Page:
Like many, I was very excited to see the new Field Parameters feature that shipped in preview in the latest May 2022 release. It enables you to do some things that used to be complex in a really easy way.
I thought I would share some initial things I have discovered while exploring the feature. Some interesting use cases will start to appear I am sure once we get general availability and start using the functionality in projects.
The thing that got me most excited is that Field Parameters are compatible with data modelling! You can add columns and create relationships with the tables generated. This means you can easily connect new tables to filter field parameters with a slicer. Here I have a single “Columns” Slicer that can show either Customer table columns or Product table columns depending on the “Field Type” slicer selection. To set this up, I just created a “Field Type” table and connected it to the “Columns” Field Parameter using the ordinal ( which can make a handy key for creating relationships ).
Filtering your Field Parameters with a slicer allows you to save more precious space if you are exposing a lot of fields to users. You could expose an entire model of columns in a small area with a slicer for tables and a slicer for columns. I think the modelling capability really opens Field Parameters up to implement some interesting solutions. I’m looking forward to see some of the creative uses for them.
Interaction between Field Parameters
The ability to create relationships means we can connect Parameter Fields together. This allows you to do things like below where I am returning different metrics in one slicer depending on which column is chosen in the first slicer. To implement this I just created a table that mapped the desired combination of ordinals together and used it as a bridge between the two Parameter Fields.
Filtering the Model
Because the Field Parameters are disconnected tables there is a lot of freedom to implement this sort of modelling solutions without harming your perfect star schema. You can also easily add columns and relationships to Field Parameters that do filter your model though. In this example, I’ve made it so that when we filter by the Country Field Parameter, we also filter only customers who are Companies and when we Filter by the City Field Parameter, we also filter only customers who are people.
This is achieved by adding the Customer Type (from the Customer dimension) to the Field Parameter then creating a relationship with the Customer dimension.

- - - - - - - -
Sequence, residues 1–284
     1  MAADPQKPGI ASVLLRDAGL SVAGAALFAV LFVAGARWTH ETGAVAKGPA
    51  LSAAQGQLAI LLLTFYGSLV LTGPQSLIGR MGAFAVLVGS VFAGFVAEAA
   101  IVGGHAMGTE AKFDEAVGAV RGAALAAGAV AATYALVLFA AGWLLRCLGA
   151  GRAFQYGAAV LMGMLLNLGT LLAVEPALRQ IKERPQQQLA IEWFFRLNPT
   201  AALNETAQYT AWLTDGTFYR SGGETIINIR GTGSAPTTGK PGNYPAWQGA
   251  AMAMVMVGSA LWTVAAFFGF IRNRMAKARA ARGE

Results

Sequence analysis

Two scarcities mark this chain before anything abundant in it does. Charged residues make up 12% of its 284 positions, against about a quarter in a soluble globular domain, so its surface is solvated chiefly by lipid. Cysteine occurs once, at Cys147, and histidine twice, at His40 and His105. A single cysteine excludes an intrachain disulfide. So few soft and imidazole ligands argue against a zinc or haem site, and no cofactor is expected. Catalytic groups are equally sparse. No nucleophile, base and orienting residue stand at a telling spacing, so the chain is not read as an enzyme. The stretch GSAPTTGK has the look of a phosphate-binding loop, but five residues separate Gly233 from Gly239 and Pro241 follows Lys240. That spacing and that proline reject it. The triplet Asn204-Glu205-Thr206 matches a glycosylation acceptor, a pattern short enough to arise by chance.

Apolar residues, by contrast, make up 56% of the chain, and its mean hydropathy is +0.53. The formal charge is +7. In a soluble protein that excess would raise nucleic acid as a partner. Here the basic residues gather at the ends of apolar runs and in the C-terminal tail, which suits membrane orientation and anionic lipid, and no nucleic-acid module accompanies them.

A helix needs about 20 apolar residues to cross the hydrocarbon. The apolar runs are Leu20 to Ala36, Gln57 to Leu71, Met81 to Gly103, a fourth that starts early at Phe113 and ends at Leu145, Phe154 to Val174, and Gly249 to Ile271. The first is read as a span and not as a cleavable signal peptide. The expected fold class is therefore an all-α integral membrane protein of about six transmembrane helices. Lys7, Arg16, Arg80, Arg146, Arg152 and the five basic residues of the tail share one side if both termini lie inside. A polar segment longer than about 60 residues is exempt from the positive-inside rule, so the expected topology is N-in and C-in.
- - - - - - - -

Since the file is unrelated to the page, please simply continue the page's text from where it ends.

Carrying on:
We can reference one field parameter in another field parameter but measures don’t appear to work anymore out of the box once you do. Thankfully calculation groups work when added to Field Parameters though! This means we have an easy way to switch between different calculation groups.
There is some functionality crossover between Field Parameters and Calculation Groups so the question of what to use when arises. In my mind, the crossover is using measures in a slicer or axis. For this, Field Parameters are much simpler to setup and do not require an external tool. Format strings for the measures are easily dealt with as they carry through from the original measure but calculation groups still have the flexibility to customize format strings. Calculation Groups also have the benefit of allowing further logic to be applied for advanced uses such as only applying to a specific measure. So for simple uses Field Parameters are the best option and calculation groups are only needed for advanced cases when Field Parameters don’t suffice. Apart from this one crossover area, the functionality is completely different. Field Parameters allow you to change column inputs in visuals and Calculation Groups allow you to apply transformation logic to measures as a column filter. By combining the two we can allow users to choose different sets of transformation logic to apply to measures in visuals.
Its a unique feature, the simplicity of use and the fact that you can integrate it in a model with relationships and calculation groups, make it a powerful tool for solving complex requirements.